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College can be expensive — but the good news is that there are several funding sources that can help you cover your education costs, including both federal and private student loans.
There are a few types of federal student loans available to college students: Direct Subsidized Loans, Direct Unsubsidized Loans, and Direct PLUS Loans. If you need to borrow for school, it’s usually best to start with subsidized loans before turning to Direct Unsubsidized Loans and other options.
If you’re wondering how a federal Direct Unsubsidized Loan works, here’s what you should know:
- What is a federal Direct Unsubsidized Loan?
- Direct Subsidized Loans vs. Direct Unsubsidized Loans vs. Direct PLUS Loans
- How to qualify for an unsubsidized loan
- How to get an unsubsidized loan?
- Loan fees for Direct Subsidized and Unsubsidized Loans
- How much can you borrow with an unsubsidized loan?
- Private student loans: When federal funding isn’t enough
What is a federal Direct Unsubsidized Loan?
Federal Direct Unsubsidized Loans are available to undergraduate, graduate, and graduate students regardless of financial need. This means that the majority of students can apply for them no matter what their financial situation is.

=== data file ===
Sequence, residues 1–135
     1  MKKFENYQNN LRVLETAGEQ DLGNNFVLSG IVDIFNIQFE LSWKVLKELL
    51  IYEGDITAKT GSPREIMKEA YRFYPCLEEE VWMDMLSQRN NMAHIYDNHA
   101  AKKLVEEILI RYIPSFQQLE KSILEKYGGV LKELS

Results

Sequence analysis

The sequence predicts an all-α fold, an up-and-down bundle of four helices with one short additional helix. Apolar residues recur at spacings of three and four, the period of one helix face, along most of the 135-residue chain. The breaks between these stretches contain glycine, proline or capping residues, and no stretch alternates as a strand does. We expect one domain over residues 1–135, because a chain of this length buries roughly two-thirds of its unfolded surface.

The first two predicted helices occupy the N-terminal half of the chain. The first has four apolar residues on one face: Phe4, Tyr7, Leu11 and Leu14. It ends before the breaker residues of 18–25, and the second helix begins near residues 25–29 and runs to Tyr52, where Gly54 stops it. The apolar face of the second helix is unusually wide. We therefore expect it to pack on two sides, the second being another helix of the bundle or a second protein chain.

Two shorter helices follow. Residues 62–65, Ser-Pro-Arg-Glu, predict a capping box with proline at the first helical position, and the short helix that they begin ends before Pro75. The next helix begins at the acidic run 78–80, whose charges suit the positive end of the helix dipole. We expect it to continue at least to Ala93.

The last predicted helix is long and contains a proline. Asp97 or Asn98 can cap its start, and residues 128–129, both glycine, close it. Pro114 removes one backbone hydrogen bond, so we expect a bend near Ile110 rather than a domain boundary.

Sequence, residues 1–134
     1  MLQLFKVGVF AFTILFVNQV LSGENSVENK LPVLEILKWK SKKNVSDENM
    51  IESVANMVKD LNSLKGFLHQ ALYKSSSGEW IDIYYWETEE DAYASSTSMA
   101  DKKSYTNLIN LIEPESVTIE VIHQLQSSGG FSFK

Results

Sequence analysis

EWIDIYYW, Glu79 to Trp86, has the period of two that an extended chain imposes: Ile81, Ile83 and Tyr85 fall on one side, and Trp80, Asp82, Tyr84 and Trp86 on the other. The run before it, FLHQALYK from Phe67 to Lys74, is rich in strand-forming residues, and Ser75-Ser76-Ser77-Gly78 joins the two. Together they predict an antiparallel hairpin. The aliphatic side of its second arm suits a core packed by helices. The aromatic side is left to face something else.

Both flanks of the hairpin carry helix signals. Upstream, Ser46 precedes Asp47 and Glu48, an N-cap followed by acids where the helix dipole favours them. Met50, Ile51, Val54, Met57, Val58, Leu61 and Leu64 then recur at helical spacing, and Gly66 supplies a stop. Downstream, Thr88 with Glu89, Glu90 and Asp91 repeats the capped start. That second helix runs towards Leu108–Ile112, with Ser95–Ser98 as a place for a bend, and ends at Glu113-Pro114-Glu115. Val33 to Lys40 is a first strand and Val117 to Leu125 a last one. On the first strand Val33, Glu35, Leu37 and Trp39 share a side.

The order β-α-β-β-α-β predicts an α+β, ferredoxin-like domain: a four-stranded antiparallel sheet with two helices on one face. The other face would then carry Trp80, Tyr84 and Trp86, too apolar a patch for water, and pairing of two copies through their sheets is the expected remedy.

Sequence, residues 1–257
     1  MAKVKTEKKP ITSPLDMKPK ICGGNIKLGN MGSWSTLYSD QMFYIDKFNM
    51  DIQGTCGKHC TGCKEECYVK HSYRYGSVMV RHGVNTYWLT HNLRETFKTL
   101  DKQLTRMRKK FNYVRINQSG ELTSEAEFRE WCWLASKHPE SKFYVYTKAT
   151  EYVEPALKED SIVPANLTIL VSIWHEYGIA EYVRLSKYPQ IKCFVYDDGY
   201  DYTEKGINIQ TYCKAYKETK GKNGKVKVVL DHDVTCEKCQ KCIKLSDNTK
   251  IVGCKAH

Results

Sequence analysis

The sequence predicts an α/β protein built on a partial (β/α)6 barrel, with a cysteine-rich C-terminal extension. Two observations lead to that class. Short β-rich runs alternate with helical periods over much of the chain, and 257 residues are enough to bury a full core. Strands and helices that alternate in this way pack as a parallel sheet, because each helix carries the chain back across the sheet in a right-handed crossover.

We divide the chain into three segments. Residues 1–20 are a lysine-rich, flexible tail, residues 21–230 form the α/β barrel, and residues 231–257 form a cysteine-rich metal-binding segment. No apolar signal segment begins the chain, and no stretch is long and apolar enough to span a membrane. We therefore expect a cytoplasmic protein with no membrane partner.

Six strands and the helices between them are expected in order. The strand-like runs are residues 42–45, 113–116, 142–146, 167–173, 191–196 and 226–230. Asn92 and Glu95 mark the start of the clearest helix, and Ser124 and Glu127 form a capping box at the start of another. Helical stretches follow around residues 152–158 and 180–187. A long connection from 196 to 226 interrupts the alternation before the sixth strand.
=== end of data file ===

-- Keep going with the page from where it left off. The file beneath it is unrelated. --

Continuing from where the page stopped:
Direct Subsidized Loans vs. Direct Unsubsidized Loans vs. Direct PLUS Loans
The right federal student loan for you will depend on your year in school and your financial need. If you’re an undergraduate student with financial need, it’s a good idea to rely on subsidized loans as much as possible before turning to unsubsidized loans and PLUS Loans.
Here’s how these three main types of federal student loans work:
- Direct Subsidized Loans are available to undergraduate students who demonstrate financial need. The government covers the interest on these loans while you’re in school.
- Direct Unsubsidized Loans are available to undergraduate, graduate, and professional students. Unlike subsidized loans, unsubsidized loans are considered non-need-based aid — which means you could qualify for them without financial need. However, keep in mind that you’ll have to pay all of the interest that accrues on unsubsidized loans.
- Direct PLUS Loans come in two categories: Grad PLUS Loans for students who want to pay for grad school and Parent PLUS Loans for parents who want to pay for their child’s education. These loans generally come with higher interest rates than subsidized and unsubsidized loans — and like unsubsidized loans, any accrued interest is your responsibility. PLUS Loans also require a credit check.